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      Factors affecting therapeutic compliance: A review from the patient’s perspective

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          Abstract

          Objective

          To explore and evaluate the most common factors causing therapeutic non-compliance.

          Methods

          A qualitative review was undertaken by a literature search of the Medline database from 1970 to 2005 to identify studies evaluating the factors contributing to therapeutic non-compliance.

          Results

          A total of 102 articles was retrieved and used in the review from the 2095 articles identified by the literature review process. From the literature review, it would appear that the definition of therapeutic compliance is adequately resolved. The preliminary evaluation revealed a number of factors that contributed to therapeutic non-compliance. These factors could be categorized to patient-centered factors, therapy-related factors, social and economic factors, healthcare system factors, and disease factors. For some of these factors, the impact on compliance was not unequivocal, but for other factors, the impact was inconsistent and contradictory.

          Conclusion

          There are numerous studies on therapeutic noncompliance over the years. The factors related to compliance may be better categorized as “soft” and “hard” factors as the approach in countering their effects may differ. The review also highlights that the interaction of the various factors has not been studied systematically. Future studies need to address this interaction issue, as this may be crucial to reducing the level of non-compliance in general, and to enhancing the possibility of achieving the desired healthcare outcomes.

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          Most cited references 154

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          Adherence to long-term therapies: evidence for action.

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            Impact of medication adherence on hospitalization risk and healthcare cost.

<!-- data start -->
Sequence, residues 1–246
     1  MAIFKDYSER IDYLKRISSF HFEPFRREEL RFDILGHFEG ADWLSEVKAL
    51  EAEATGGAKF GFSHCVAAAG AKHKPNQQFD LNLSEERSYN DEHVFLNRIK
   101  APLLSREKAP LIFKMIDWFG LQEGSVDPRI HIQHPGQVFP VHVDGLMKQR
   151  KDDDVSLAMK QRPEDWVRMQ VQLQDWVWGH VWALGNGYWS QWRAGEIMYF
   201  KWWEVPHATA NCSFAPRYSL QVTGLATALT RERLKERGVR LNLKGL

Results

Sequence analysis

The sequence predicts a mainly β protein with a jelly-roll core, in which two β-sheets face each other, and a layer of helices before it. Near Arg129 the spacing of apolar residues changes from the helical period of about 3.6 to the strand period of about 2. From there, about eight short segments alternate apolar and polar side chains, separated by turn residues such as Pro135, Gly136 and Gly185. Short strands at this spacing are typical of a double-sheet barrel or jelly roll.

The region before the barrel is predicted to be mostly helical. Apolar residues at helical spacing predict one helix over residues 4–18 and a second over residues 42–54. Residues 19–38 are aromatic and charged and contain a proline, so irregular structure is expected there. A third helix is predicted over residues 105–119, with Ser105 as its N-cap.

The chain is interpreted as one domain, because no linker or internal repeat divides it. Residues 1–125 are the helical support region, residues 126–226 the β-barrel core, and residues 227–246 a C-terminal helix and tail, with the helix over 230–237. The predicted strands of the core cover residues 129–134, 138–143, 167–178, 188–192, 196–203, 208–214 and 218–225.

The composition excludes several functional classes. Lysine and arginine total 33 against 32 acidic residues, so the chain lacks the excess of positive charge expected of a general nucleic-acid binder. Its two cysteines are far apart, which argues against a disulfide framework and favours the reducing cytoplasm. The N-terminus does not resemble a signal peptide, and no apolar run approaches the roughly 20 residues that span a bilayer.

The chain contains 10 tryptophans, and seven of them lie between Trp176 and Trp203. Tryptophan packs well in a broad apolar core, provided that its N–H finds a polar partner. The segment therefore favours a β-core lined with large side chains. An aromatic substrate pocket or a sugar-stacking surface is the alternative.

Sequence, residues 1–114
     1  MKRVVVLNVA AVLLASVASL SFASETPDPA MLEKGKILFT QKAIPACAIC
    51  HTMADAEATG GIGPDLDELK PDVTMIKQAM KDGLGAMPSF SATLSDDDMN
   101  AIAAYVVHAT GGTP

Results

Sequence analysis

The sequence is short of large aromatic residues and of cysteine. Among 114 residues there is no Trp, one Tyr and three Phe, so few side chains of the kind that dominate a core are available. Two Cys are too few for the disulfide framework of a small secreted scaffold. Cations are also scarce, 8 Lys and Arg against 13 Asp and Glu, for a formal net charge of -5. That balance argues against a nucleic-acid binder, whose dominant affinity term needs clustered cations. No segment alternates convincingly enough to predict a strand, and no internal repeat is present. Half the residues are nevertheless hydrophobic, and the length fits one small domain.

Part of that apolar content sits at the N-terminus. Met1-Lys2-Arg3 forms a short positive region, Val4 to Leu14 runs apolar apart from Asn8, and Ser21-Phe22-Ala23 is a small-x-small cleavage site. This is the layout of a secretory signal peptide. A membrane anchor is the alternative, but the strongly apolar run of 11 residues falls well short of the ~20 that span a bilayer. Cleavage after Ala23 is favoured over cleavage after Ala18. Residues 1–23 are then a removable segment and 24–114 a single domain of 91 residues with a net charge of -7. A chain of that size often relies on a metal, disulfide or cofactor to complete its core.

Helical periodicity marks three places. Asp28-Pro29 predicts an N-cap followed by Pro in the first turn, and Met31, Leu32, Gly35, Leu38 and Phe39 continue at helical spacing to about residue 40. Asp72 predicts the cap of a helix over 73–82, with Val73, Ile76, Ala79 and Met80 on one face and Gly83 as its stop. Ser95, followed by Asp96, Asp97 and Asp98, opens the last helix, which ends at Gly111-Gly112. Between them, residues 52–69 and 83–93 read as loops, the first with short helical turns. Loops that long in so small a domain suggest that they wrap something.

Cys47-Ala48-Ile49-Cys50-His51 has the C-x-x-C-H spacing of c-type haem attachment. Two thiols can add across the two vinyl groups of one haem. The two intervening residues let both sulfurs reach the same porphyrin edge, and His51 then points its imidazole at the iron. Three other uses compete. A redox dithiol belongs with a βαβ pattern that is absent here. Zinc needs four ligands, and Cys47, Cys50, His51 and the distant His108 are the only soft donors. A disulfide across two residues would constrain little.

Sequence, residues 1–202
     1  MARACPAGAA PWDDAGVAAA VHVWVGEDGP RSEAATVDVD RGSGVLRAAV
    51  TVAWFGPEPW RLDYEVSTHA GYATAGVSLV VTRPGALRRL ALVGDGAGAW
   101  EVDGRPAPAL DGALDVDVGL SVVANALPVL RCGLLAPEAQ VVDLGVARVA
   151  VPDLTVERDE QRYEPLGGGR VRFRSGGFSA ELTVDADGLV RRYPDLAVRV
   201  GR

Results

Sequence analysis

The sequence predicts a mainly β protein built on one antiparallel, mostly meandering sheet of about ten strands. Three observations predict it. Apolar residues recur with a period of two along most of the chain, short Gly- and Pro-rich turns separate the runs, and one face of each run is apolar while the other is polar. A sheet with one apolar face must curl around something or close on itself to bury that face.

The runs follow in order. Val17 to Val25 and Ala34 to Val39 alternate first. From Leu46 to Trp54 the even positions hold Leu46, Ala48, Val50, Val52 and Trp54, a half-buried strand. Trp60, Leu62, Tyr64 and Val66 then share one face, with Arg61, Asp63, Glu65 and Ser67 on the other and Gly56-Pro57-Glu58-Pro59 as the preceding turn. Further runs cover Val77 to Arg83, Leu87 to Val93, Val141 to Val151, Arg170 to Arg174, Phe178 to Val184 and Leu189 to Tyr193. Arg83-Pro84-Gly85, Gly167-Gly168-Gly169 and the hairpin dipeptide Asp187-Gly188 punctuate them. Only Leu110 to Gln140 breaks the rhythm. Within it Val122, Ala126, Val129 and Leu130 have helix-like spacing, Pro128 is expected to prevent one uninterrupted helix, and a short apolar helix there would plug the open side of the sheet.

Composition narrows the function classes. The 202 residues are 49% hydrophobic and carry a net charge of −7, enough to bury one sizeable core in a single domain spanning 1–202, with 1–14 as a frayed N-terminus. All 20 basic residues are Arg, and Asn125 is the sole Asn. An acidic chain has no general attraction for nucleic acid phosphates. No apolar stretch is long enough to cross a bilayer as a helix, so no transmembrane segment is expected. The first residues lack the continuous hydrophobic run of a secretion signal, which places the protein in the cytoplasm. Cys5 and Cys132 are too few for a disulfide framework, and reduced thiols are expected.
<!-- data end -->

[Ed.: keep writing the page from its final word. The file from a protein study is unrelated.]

The objective of this study was to evaluate the impact of medication adherence on healthcare utilization and cost for 4 chronic conditions that are major drivers of drug spending: diabetes, hypertension, hypercholesterolemia, and congestive heart failure. The authors conducted a retrospective cohort observation of patients who were continuously enrolled in medical and prescription benefit plans from June 1997 through May 1999. Patients were identified for disease-specific analysis based on claims for outpatient, emergency room, or inpatient services during the first 12 months of the study. Using an integrated analysis of administrative claims data, medical and drug utilization were measured during the 12-month period after patient identification. Medication adherence was defined by days' supply of maintenance medications for each condition. The study consisted of a population-based sample of 137,277 patients under age 65. Disease-related and all-cause medical costs, drug costs, and hospitalization risk were measured. Using regression analysis, these measures were modeled at varying levels of medication adherence. For diabetes and hypercholesterolemia, a high level of medication adherence was associated with lower disease-related medical costs. For these conditions, higher medication costs were more than offset by medical cost reductions, producing a net reduction in overall healthcare costs. For diabetes, hypercholesterolemia, and hypertension, cost offsets were observed for all-cause medical costs at high levels of medication adherence. For all 4 conditions, hospitalization rates were significantly lower for patients with high medication adherence. For some chronic conditions, increased drug utilization can provide a net economic return when it is driven by improved adherence with guidelines-based therapy.